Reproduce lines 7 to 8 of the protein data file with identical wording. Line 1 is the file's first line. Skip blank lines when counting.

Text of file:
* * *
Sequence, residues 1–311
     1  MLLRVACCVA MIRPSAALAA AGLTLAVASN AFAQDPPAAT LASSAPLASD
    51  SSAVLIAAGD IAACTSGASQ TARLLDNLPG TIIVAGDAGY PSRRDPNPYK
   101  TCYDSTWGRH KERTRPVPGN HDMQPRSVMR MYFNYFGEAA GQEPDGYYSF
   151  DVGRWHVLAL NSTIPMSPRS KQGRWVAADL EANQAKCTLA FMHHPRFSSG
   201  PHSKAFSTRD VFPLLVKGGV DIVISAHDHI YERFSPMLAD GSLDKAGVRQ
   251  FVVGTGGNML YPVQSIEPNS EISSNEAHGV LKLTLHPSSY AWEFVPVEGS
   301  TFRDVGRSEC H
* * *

   251  FVVGTGGNML YPVQSIEPNS EISSNEAHGV LKLTLHPSSY AWEFVPVEGS
   301  TFRDVGRSEC H